THE debate over affirmative action takes on a special poignancy with regard to higher education. Colleges and universities are gateways to success, as well as engines of social change. Hence the importance of the decision by the regents of the University of California to eliminate "race, religion, sex, color, ethnicity, or national origin" from its admissions or hiring criteria.
Some critics view this simply as a tactical move by California Gov. Pete Wilson, a contender for the GOP presidential nomination and a onetime supporter of affirmative action. But Governor Wilson only seized the issue, he didn't create it. The resolution to end affirmative action was proposed by regent Ward Connerly, an African-American who believes the current policy has outlived its usefulness. His plan will increase the proportion of students admitted purely on the basis of academic merit to 50 to 75 percent, up from 40 to 60 percent.
Studies estimate this could sharply decrease the numbers of black and Latino admissions at some campuses, since many of these students have grade point averages at the lower end of the range considered by the university. The most prestigious campuses, Berkeley and UCLA, are likely to become notably more Asian and white.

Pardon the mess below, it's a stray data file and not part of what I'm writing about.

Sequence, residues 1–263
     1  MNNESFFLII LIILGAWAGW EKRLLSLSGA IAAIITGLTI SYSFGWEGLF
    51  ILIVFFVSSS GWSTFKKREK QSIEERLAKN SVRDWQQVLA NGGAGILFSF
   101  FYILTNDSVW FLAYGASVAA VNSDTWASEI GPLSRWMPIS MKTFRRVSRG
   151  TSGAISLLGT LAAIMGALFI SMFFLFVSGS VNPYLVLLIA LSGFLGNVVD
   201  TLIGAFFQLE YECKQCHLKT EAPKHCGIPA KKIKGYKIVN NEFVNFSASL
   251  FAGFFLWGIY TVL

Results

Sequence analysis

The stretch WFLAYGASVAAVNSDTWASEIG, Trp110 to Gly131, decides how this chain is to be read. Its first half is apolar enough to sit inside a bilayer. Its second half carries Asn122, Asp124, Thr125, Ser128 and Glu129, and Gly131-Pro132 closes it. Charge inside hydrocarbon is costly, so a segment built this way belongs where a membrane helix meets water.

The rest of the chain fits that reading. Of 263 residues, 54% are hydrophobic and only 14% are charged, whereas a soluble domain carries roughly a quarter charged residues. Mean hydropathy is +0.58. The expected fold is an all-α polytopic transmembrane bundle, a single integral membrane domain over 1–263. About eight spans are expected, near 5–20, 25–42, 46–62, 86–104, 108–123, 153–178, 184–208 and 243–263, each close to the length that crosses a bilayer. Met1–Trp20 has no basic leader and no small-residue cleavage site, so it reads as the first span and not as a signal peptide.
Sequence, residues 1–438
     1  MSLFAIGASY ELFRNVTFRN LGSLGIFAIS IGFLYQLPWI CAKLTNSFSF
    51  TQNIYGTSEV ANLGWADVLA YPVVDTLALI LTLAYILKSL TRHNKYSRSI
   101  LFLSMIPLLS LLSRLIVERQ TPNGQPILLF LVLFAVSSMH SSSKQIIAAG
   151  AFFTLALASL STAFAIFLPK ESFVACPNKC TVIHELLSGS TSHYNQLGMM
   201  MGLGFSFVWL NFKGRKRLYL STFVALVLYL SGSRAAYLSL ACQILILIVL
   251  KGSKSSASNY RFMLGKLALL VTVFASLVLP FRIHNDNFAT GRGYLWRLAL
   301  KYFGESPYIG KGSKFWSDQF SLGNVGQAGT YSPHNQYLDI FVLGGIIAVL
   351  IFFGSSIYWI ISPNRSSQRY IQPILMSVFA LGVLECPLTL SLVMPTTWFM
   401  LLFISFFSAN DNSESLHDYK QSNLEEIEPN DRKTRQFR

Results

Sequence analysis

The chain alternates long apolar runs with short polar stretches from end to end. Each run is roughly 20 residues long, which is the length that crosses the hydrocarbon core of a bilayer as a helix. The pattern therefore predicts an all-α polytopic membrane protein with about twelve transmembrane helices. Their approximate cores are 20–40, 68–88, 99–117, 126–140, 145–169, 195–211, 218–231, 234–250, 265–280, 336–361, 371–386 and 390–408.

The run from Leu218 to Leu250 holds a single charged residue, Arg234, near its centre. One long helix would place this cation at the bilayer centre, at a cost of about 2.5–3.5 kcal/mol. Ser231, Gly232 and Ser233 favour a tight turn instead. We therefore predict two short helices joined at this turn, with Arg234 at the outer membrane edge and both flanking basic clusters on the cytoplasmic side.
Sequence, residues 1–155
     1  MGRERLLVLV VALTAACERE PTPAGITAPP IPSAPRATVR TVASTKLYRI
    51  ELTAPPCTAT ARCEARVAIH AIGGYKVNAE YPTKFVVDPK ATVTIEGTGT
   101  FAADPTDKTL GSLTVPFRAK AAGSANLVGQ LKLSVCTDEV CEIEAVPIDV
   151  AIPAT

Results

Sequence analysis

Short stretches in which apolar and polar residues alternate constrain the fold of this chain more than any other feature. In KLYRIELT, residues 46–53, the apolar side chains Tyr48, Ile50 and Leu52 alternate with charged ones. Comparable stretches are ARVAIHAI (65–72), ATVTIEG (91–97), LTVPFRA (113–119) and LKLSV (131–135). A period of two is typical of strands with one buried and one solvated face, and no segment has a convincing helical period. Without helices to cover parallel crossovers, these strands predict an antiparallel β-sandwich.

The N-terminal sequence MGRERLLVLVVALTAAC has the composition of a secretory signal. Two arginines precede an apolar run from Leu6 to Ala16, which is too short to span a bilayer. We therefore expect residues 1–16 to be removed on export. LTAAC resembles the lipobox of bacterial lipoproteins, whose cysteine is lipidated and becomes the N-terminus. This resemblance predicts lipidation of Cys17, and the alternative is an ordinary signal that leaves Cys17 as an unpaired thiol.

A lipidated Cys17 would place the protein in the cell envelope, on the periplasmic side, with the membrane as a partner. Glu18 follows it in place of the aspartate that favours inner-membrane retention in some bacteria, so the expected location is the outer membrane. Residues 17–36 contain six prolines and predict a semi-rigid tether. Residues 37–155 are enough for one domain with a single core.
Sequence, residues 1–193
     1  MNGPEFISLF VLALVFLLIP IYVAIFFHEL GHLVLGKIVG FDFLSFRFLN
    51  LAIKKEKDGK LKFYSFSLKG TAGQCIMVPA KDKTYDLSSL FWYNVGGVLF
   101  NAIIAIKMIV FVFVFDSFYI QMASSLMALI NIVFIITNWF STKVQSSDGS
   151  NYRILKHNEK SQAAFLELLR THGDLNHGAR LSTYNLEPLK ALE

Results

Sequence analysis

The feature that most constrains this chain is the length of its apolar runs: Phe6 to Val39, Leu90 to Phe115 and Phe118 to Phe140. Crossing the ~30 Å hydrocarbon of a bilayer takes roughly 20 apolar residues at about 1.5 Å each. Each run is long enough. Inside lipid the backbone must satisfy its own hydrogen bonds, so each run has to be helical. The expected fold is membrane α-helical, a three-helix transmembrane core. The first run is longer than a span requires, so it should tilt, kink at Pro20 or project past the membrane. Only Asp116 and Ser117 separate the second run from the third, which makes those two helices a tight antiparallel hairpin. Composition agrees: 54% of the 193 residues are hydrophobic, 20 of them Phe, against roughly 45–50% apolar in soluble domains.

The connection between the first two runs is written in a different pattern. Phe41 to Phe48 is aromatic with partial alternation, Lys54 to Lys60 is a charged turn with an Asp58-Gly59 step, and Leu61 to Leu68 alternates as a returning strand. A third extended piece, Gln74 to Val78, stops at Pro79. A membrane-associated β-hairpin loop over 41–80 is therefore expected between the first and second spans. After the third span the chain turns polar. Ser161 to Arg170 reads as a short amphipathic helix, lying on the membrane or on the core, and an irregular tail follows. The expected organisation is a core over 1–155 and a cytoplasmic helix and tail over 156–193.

The changed policy should not, however, mean that higher education in California is closing its doors to the disadvantaged. Under the new criteria, admissions officers at UC are instructed to weigh economic and community background rather than ethnicity when they consider that other 25 to 50 percent. This could still provide access for promising minority youth from less than stellar high schools. Programs to help these students compete academically can be strengthened. And the nine UC campuses are only part of California's vast system of public higher education; opportunities to transfer to more prestigious campuses exist.
The growing diversity of American society and the economic progress of minorities will continue to reshape American campuses. The regents' decision can't hold back that tide. And if the new plan is applied thoughtfully, as an adjustment of current policy, it could even help mend, not end, the system, as President Clinton urged.